Inside San Francisco’s Plague-Ravaged Chinatown, c. 1900
A City on the Edge
Shortly before midnight on March 6, 1900, three men gathered at a coffin shop in Chinatown to examine the body of a 41-year-old Chinese man who had died earlier that day. The police surgeon, a city health official, and a young bacteriologist palpated the corpse’s swollen lymph glands and found a small sore on his thigh. Piercing the skin, they drew blood and lymph fluids and placed drops of them under a microscope. With a stain that made the germs turn pink, they saw clusters of short, rod-shaped bacteria swimming under the lens. It looked like bubonic plague.
Confirming that suspicion would take days, but city officials leaped into action. That night, the Board of Health ordered a quarantine of Chinatown. Under the cover of darkness, some 35 police officers spread out around 12 square blocks. They strung ropes across key intersections and blocked foot traffic and wagons from coming in or out. Only police and health officials were permitted to cross the barriers; supplies to the quarter, at least at first, were passed under the ropes. Chinese who tried to leave the area were blocked by officers carrying nightsticks and pistols.
Most San Franciscans learned of the quarantine the next morning. Some read about it in the newspapers; others pieced together the story on their own after their servants, cooks, and porters failed to show up for work. The chef at the Palace Hotel struggled with the breakfast service, because a dozen or more of his Chinese employees couldn’t get past the barricades to reach the kitchen. The Chinese who supplied hotels and restaurants from their gardens outside the city were unable to leave Chinatown to harvest their long beans and mustard greens. A story in the San Francisco Chronicle condemned the quarantine as having been too hastily imposed: “The central telephone in Chinatown was kept busy for hours making connections for angry citizens who were trying to get trace of missing servants.”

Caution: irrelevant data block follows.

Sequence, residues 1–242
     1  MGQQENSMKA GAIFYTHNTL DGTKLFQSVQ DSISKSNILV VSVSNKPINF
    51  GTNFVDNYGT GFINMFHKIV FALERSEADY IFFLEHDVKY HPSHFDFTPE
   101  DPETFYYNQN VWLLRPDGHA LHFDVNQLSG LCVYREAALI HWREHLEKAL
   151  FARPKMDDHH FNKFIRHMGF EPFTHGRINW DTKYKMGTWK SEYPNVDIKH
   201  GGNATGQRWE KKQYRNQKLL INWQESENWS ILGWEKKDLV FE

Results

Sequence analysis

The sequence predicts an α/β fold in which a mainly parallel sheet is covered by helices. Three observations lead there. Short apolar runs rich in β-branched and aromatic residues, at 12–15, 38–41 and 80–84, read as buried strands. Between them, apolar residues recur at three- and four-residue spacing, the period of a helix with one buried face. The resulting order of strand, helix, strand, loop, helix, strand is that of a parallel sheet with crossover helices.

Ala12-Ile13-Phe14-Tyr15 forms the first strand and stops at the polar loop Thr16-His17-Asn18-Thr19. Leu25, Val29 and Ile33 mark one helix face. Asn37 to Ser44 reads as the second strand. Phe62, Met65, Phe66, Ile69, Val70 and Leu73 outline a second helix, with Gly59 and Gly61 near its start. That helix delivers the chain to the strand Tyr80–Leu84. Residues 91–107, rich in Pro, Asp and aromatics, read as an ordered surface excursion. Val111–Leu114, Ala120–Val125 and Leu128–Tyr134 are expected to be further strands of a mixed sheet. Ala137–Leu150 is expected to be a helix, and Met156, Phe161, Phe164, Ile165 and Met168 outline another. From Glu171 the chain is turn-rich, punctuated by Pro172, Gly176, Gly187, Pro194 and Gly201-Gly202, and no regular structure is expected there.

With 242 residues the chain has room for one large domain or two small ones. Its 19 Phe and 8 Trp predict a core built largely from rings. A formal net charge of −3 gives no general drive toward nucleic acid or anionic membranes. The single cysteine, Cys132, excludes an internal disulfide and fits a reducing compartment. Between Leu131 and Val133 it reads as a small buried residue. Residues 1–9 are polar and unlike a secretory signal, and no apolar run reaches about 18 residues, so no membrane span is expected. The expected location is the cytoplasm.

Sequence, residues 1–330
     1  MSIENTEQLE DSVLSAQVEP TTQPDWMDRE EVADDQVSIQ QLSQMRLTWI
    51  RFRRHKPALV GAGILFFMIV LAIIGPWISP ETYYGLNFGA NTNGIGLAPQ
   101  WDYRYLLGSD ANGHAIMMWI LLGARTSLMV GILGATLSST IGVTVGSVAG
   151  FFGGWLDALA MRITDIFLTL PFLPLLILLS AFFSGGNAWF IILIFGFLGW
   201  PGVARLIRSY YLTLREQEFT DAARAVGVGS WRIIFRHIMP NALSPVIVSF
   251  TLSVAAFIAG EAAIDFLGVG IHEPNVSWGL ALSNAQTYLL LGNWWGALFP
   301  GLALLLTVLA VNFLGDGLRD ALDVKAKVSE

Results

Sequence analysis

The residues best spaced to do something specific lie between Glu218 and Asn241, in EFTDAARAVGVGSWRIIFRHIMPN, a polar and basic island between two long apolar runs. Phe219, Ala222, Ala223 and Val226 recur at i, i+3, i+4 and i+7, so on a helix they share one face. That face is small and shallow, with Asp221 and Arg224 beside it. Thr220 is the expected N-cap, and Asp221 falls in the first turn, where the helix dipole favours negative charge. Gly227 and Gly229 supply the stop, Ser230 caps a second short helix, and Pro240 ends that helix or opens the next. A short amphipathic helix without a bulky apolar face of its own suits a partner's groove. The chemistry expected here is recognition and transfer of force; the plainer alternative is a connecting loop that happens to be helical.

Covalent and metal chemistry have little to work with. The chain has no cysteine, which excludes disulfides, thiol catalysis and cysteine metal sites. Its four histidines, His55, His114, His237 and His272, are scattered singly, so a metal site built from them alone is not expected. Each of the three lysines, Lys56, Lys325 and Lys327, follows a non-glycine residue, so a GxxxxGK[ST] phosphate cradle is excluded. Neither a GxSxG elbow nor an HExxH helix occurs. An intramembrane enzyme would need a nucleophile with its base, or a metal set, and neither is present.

A quarantine rope strung across Stockton Street prevented the Mission Home’s residents and staffers from reaching Chinatown’s main shopping area. The cable cars that normally rattled past Portsmouth Square on the Sacramento—Clay Street line were halted, and ships heading back to China left without passengers from Chinatown. Some people found their way in and out of the blockaded area by descending underground to pass through the connecting cellars of houses or by quietly traversing rooftops.
One of those interlopers was a nine-year-old girl named Leung Kum Ching, who slipped past the quarantine on March 8 to seek help for her gravely ill sister. The two girls were orphans who had been cared for by a Chinese family. When one of the girls had grown sick, the family grew anxious. They might have believed that her illness was an imbalance of yin forces or a possession by evil spirits. They certainly feared that she might die inside their home and release sat hei, or “killing airs.” So they placed her outside, near the entryway to another building, and left her alone to die. Running for help and ignoring the shouts of a policeman stationed nearby, her sister found her way to the Mission Home and begged for assistance. There she met Cameron, whose spirits were restored after a period of rest at La Puente and who was even more determined to carry on the work of her late friend and mentor, Margaret Culbertson.